Respectful Insolence

A Japanese soldier not seen since World War II has been found alive in the Ukraine:

TOKYO (AP) – A former Japanese soldier last seen by his family when he went off to fight in the Second World War has surfaced in Ukraine and is returning to Japan to see his relatives after 60 years, the government said Monday.

Ishinosuke Uwano, now 83, had been declared among Japan’s war dead in 2000.

Suminori Arima, a health ministry official in charge of locating war veterans lost overseas, declined to say where Uwano had been for the past six decades or why he had not been in touch with his family in Japan.

He said Uwano was expected to arrive Wednesday with his Ukrainian son to spend 10 days with his surviving relatives in Iwate, about 470 kilometres northeast of Tokyo.

“It’s wonderful that Mr. Uwano can make a homecoming visit in good health,” Arima said.

Uwano was an Imperial Army soldier serving in a force occupying the island of Sakhalin in Russia’s far east when the war ended in August 1945. Arima said he was last reported seen there in 1958.

This is a little different than the stories of Japanese soldiers who hid out on Pacific islands after the end of the war refusing to accept Japan’s defeat, only to be found decades later. This guy clearly knew that Japan had lost and had been living in the Soviet Union and later Ukraine for years. I have to wonder if, sensing that his time on earth is growing short, he decided he wanted to contact whatever family he had left. Of course, this begs the question of why he never went back to Japan in the first place sometime in the six decades since the war ended.

Comments

  1. #1 Roman Werpachowski
    April 20, 2006

    Of course, this begs the question of why he never went back to Japan in the first place sometime in the six decades since the war ended.

    It wasn’t that easy to leave the USSR. Especially for war prisoners.

  2. #2 justawriter
    April 20, 2006

    Uh oh.

    I foresee a visit either to or from that pink Web site.

  3. #3 GrrlScientist
    April 20, 2006

    Maybe it took him this long to learn how to read Ukranian?

  4. #4 Jonathan Dresner
    April 20, 2006

    Japanese POWs in the USSR — of which they took several hundred thousand, mostly in north China, at the end of the war — were used as slave labor for a number of years and tens of thousands were never repatriated. This is very different from the dozens of Japanese soldiers who chose or were ordered to hide rather than surrender in the Pacific. It’s entirely possible he was given misinformation about the fate of his family, or Japan’s position on Soviet-held POWs, and the POWs underwent considerable pressure to convert to communism — brainwashing, to use the common term — and it may well be that he was a loyal (or terrified) communist for decades as a result.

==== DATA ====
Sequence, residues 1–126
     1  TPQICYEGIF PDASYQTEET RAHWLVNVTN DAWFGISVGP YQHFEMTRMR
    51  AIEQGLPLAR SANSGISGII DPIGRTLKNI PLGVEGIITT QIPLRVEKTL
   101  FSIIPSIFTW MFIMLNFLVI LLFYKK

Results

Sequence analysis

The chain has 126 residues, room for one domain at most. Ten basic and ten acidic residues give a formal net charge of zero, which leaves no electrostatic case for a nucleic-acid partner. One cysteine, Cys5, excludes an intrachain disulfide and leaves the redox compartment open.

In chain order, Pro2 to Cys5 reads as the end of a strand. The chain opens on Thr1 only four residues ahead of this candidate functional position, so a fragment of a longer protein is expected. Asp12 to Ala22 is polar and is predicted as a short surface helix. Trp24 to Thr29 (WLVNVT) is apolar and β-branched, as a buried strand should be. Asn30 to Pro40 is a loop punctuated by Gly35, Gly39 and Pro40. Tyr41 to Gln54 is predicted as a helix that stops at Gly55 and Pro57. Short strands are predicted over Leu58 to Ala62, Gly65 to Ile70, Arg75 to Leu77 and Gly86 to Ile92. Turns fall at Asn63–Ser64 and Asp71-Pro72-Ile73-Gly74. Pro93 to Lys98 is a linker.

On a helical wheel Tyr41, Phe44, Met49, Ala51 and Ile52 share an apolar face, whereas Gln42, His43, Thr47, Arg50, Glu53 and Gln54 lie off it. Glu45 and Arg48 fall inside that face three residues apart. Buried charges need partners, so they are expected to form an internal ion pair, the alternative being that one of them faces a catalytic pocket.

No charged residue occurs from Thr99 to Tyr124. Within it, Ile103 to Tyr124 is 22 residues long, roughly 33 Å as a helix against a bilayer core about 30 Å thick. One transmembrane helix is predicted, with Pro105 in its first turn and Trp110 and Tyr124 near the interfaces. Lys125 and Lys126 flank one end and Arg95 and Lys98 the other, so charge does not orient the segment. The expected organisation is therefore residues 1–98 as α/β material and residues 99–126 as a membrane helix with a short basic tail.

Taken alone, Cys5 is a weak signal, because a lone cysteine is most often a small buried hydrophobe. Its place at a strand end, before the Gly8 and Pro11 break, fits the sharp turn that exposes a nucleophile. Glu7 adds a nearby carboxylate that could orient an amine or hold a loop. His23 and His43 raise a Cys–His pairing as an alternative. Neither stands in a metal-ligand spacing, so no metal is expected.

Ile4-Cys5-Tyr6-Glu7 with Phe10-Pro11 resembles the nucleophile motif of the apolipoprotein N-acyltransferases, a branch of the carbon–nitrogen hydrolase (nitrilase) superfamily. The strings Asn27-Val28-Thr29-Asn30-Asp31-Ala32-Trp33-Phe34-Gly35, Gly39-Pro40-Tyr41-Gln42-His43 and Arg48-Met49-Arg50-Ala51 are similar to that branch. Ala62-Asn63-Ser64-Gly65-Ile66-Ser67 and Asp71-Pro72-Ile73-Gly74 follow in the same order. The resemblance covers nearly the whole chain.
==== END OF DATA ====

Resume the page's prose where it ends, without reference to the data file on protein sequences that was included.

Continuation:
5. #5 Roman Werpachowski
    April 20, 2006

    It’s entirely possible he was given misinformation about the fate of his family, or Japan’s position on Soviet-held POWs, and the POWs underwent considerable pressure to convert to communism — brainwashing, to use the common term — and it may well be that he was a loyal (or terrified) communist for decades as a result.

    Even simpler: it may well be they didn’t let him leave the country (this is what I meant in my first post). This made him to grow roots in the USSR, which in turn prevented him from leaving after 1989.

    It was not like that Soviet people could leave the USSR any time they felt like it.

  6. #6 Kiwiwriter
    April 21, 2006

    Hey, they’re still looking for the B-25 that Ski York flew to Vladivostok from the Doolittle Raid on April 18, 1942. He landed at Vlad, and the crew was interned in the Caucasus. If they hadn’t escaped captivity, they might still be in the Caucasus.

    And nobody knew what happened to the B-25. If that’s still even remotely intact, American museums will be having fistfights trying to acquire that piece of aviation history. All the others crashed.

  7. #7 Ray
    April 21, 2006

    I’m interested in seeing some live interviews on him which I have not seen any yet. I’m sure something like that will come up soon and his story will be interesting.

  8. #8 Roman Werpachowski
    April 21, 2006

    He landed at Vlad, and the crew was interned in the Caucasus. If they hadn’t escaped captivity, they might still be in the Caucasus.

    Or they were shot for espionage.

  9. #9 Jonathan Dresner
    April 22, 2006

    it may well be they didn’t let him leave the country

    Roman: you’re right, of course; I was trying to expand on that, rather than ignore it.

The site is undergoing maintenance presently. Commenting has been disabled. Please check back later!